Safety exclusion zones for mobile masts

Safety exclusion zones for mobile masts

Jeremy Moody ,
11 Feb 2020

Jeremy Moody is the Secretary & Adviser to the Central Association of Agricultural Valuers (CAAV). Here he discusses technical aspects of masts, as well as the information landowners should expect from operators.

Negotiations over agreements for mobile phone masts can be as much about terms as about rent; indeed, the rent should be based on terms.  Alongside issues like access rights, operators are now typically proposing to cap their liability to the site provider for their use of the site and not to accept any consequential liability.

The antennae on a mast work by emitting radio waves.  While these are a less serious, “non-ionising” form of radiation, they are still governed by international guidelines from the International Commission on Non-Ionizing Radiation Protection (ICNIRP) used to define zones around the antenna from which people should be excluded - a larger general one and a smaller one for specifically trained workers.  Their size depends on the direction and height of the antenna, the power used, and the wavelength.  To date, these zones have been limited by shielding, but it appears that this is not feasible for the wavelengths used for 5G.  A typical public exclusion zone for a 4G mast is some 19m in the direction of transmission, but a 5G one might be towards 55m.  

Operators, best placed to assess these zones, have rarely disclosed them to the site providers (or indeed other neighbours) they affect with consequences for proposed development and existing buildings and uses.  As elsewhere in the UK, Scottish Planning Policy only asks that an operator making a planning application for a mast self-certifies compliance with ICNIRP – no specific information is required.  Nothing is required for masts built under permitted development rights or where a facility is upgraded.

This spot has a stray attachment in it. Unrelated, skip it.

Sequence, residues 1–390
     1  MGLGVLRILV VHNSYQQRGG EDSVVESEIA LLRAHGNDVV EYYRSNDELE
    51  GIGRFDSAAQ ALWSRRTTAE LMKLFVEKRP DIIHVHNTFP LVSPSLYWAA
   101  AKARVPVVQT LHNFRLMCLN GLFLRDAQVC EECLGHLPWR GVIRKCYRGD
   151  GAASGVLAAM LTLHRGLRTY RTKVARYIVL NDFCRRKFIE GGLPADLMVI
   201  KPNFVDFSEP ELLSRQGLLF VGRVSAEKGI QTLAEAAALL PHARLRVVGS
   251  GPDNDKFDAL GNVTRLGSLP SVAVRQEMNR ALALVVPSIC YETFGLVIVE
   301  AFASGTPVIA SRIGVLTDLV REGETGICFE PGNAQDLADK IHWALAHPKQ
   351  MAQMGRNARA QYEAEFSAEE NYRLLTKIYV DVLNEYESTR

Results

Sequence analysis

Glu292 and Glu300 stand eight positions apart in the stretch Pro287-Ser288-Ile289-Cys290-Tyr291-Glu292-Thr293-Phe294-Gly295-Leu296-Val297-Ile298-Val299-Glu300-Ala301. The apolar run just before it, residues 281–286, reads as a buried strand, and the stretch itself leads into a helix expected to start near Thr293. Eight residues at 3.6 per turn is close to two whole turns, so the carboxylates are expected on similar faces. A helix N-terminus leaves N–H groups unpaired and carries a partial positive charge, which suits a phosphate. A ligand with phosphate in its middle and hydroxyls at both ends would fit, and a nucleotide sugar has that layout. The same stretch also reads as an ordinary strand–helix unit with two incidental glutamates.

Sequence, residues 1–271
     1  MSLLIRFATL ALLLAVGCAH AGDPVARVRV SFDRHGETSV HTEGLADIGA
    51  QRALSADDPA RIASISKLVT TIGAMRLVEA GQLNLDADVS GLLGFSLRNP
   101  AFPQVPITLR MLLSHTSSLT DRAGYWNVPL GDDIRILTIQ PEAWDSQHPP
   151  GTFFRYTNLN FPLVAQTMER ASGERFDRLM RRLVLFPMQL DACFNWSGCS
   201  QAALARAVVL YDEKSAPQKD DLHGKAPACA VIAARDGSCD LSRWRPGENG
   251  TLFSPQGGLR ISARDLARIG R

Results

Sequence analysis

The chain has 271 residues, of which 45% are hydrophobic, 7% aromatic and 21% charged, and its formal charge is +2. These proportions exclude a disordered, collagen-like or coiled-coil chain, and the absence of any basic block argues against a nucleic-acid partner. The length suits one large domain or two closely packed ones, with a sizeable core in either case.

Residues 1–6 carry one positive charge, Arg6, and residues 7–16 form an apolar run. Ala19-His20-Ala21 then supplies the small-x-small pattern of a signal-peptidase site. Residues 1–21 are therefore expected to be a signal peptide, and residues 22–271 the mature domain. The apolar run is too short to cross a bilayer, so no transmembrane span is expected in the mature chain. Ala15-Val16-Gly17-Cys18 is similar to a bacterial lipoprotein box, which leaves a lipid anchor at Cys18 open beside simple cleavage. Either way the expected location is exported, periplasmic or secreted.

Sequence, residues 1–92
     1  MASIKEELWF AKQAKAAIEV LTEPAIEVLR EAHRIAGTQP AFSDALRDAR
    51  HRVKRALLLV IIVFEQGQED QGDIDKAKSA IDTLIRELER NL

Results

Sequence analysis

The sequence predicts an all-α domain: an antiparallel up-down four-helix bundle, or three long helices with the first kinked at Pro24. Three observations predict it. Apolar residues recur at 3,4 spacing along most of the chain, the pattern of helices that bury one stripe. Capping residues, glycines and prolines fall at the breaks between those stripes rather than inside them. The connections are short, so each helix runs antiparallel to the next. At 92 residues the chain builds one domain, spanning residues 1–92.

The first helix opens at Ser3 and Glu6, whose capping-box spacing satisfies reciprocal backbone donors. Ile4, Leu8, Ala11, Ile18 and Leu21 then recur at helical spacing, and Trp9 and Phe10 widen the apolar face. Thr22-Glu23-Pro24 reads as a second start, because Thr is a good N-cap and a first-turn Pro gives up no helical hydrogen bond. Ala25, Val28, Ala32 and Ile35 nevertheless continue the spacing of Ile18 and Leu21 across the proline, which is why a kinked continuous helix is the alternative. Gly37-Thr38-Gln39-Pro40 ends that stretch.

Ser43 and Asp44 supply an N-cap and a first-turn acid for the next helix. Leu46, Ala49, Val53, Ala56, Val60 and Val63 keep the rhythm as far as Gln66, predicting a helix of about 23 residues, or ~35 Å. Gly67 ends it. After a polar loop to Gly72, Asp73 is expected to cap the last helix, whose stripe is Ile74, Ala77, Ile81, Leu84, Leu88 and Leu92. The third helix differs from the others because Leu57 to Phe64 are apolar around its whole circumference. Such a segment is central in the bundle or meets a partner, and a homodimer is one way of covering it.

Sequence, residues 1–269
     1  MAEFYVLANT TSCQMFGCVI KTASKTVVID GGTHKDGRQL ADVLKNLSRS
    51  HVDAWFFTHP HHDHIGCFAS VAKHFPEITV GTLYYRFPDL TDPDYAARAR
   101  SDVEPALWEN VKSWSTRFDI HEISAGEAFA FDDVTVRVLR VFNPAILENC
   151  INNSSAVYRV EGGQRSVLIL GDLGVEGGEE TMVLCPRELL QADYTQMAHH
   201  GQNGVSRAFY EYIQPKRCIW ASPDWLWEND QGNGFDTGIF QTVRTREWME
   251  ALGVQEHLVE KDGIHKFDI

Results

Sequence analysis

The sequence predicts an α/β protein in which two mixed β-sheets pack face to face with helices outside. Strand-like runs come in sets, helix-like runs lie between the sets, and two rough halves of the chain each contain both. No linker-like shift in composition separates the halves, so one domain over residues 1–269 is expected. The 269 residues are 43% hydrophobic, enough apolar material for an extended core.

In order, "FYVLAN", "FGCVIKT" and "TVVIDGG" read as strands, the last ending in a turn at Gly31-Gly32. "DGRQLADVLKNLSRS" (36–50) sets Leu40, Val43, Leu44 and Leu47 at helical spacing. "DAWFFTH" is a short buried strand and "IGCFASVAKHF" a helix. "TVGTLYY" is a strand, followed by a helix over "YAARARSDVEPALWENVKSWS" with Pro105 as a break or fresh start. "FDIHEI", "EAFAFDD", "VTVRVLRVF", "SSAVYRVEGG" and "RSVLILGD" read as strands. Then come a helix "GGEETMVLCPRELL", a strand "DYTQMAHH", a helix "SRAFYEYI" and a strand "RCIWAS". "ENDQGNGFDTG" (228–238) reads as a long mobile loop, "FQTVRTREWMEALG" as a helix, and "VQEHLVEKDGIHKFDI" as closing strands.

Landowners should expect operators to:

  • provide a scale plan showing the ICNIRP exclusion zones
  • provide further plans on any change in the use of antennae
  • accept both full liability and consequential liability  

This is most easily done in negotiating a new agreement but is nonetheless a reasonable request during the agreement by a landowner who is otherwise unaware of the assessments relevant to any future claim against him for liability.